The most epic Egyptian adventure

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If you don't believe in time travel, wait until you touch down in Egypt and find yourself stepping back into the romance of its past.

A land of extraordinary antiquities, stark desert landscapes and a remarkable culture that dates back around 5000 years, Egypt is the birthplace of one of the oldest civilisations in the world, and few destinations have the ability to capture our imagination like this storied North African country.

With its pyramids and treasure-laden tombs, captivating mythology, stone-carved temples, mummified pharaohs and an impressive seven UNESCO World Heritage sites, Egypt's appeal is as enduring as it is influential.

From the culture that gave us some of the earliest iterations of paper, writing, architecture and agriculture, here's our pick of the must-see attractions in Egypt.

The Nile River

The world's longest river is shrouded in mystique. Perhaps it's the lush valleys lining its edges, or the antiquities hidden along the bends, but the Nile has inspired countless films and books, including Agatha Christie's whodunnit, Death on the Nile.

Ancient Egyptians thrived on its fertile banks and in fact, their dependency on its resources led to the invention of the 365-day calendar, which they developed to predict the yearly flooding, known then as akhet or the inundation.

Nowadays, it offers travellers a serene, slow-travel soul boost, with boutique cruises and luxury steamboats sailing alongside traditional wooden feluccas to teeny villages and marvels worthy of a museum.

 
 
 
 
 
 
 
 
 
 
 
 
 
 
 

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Pyramids of Giza

It's hard to fathom that this relic of ancient architecture lies on the outskirts of one of the most densely populated cities in the world.

Approximately 18.5 kilometres from the centre of Cairo and set on the plains of a desert plateau, the Giza Necropolis is a trio of stone pyramids built around 4,500 years ago to house the elaborate tombs of three ancient pharaohs, Khufu, Khafre and Menkaure, in preparation for the afterlife. 

Standing at 147 metres, The Great Pyramid entombing Pharaoh Khufu is the tallest and most intact and took some 20 years to build. To this day, no one knows exactly how the pyramids were constructed, but scientists have acknowledged the sophisticated planning and precision involved. 

 
 
 
 
 
 
 
 
 
 
 
 
 
 
 

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Aswan's Old Cataract Hotel

Winston Churchill, Agatha Christie and Margaret Thatcher are some of the impassioned personalities to have checked into this British colonial-era hotel in the southern valley of Aswan. 

Set on the banks of the Nile overlooking idyllic Elephantine Island and rebranded in 2011 as Sofitel Legend Old Cataract, this lavish resort was built in 1899 by 19th-century travel pioneer Thomas Cook and maintains a strong sense of place.

The luxury hotel has undergone several renovations over the years, including upgrades to its historic rooms, new wings, redesigned interiors and an infinity pool, but that feeling of old-world glamour remains.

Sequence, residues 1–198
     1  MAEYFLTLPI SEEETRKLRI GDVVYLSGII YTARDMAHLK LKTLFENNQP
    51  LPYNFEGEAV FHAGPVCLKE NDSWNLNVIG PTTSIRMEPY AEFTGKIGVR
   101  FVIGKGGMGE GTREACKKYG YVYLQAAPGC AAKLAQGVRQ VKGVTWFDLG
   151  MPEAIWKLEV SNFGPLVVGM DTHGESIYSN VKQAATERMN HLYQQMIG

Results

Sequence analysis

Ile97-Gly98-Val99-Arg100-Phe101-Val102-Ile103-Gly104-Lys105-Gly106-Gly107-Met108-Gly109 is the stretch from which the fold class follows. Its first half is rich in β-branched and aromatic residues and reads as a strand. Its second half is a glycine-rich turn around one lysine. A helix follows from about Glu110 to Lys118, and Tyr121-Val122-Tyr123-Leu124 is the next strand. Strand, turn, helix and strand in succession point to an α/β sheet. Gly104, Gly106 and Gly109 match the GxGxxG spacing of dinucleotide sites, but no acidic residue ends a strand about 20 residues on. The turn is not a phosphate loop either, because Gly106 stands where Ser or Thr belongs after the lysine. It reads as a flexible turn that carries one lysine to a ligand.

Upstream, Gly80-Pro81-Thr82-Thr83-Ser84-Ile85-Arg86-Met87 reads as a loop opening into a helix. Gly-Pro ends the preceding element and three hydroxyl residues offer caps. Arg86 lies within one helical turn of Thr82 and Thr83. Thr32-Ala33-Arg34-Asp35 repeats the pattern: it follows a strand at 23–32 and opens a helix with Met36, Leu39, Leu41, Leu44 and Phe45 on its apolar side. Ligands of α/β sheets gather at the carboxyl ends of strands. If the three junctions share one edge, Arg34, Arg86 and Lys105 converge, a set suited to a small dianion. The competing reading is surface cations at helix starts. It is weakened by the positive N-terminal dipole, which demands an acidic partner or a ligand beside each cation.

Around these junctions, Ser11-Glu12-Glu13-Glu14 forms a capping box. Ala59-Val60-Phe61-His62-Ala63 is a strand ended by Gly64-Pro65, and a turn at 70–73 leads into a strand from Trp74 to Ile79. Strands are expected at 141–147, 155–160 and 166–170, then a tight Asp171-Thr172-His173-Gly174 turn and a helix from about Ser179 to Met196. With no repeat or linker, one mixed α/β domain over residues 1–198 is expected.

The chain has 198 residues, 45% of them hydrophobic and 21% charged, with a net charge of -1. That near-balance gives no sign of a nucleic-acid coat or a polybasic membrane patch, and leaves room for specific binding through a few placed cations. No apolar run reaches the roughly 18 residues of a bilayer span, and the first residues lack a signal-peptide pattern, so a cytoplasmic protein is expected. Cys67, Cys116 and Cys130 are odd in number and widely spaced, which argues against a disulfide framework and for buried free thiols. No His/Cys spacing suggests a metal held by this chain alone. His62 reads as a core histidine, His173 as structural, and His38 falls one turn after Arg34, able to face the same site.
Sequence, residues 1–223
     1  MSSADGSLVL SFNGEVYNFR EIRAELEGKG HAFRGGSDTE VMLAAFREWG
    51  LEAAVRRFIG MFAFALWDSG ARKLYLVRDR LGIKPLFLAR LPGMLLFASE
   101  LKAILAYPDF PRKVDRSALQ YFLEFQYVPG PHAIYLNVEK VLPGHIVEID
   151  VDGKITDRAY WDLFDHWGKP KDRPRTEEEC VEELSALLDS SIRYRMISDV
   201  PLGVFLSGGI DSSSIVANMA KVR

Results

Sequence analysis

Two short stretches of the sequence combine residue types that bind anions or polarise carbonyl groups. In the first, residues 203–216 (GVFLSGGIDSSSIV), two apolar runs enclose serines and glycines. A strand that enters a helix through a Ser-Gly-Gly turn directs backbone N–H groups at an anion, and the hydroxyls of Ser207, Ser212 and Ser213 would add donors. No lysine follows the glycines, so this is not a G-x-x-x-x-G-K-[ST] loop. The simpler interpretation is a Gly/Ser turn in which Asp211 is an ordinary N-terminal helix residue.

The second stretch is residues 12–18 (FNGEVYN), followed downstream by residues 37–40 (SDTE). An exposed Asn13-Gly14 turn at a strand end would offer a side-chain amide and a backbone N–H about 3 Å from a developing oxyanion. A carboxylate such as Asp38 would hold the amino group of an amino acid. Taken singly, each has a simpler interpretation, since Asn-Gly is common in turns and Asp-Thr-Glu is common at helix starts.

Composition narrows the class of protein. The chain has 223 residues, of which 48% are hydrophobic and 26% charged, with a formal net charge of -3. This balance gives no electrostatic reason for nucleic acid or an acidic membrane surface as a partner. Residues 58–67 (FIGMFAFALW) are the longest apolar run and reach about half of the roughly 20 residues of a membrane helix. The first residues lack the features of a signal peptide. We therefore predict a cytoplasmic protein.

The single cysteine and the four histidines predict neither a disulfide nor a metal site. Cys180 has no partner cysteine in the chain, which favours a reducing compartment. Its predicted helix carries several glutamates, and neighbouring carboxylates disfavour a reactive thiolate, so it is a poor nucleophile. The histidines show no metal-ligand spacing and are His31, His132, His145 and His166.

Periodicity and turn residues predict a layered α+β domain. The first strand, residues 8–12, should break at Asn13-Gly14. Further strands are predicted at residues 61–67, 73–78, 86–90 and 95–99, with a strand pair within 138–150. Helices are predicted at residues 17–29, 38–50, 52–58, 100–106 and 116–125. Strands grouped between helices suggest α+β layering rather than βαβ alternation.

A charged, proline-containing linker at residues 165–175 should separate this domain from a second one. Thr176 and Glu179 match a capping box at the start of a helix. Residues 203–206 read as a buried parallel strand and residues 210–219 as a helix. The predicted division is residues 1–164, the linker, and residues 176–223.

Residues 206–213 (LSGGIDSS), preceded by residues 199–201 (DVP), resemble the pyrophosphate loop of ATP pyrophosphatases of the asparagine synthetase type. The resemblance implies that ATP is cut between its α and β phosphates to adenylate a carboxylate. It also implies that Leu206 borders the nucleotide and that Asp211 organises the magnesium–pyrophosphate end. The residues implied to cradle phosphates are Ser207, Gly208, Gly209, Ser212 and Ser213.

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Abu Simbel temple

This iconic temple complex features two ancient sites, carved out of solid rock into a mountainside. The Great Temple of Ramses II is the largest of the two and features four imposing statues of a seated pharaoh Ramses II, while the second is believed to be dedicated to his chief wife Queen Nefertiti. 

The facade is a feat in itself. But to discover that the entrance of Ramses II temple was built to let in light on only two days of the year is mind-blowing. On October 22 and February 22, sunbeams illuminate three statues seated in the innermost chamber, a phenomenon historians think marks the pharaoh's coronation and birth. 

Remarkably, in the 1960s, the entire complex was moved to higher ground to prevent it from being lost to the Aswan High Dam.

The S S Sudan

This 19th-century vintage ship is the river's original paddle steam boat and one of the first vessels on the Nile to offer luxury cruises.

Designed in authentic Belle Epoque style, it first set sail from Luxor to Aswan in the roaring 20s and was operated by travelpreneur Thomas Cook. It's 23 cabins retain many of its original features, including rich woodwork, period furniture, decorative carpets, wall-mounted telephones, an ornate staircase and spacious upper and lower sundecks for river gazing. 

The iconic boat is no doubt the inspiration for the wealth of luxury vintage-style steamboats now offering scenic cruises along Egypt's scenic Nile, the lifeblood of ancient civilisation. 

With international travel finally back on the cards, consider your first overseas adventure sorted.

 
 
 
 
 
 
 
 
 
 
 
 
 
 
 

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Set against an epic landscape of sweeping desert vistas and the majestic Giza pyramids, Kenneth Branagh's daring new mystery-thriller Death on the Nile is a tale of unbridled passion and incapacitating jealousy, featuring a cosmopolitan group of impeccably dressed travellers and enough wicked twists and turns to keep audiences guessing until the final, shocking denouement.

Death on the Nile releases in cinemas February 10.

Watch the trailer at 20thcenturystudios.com.au.

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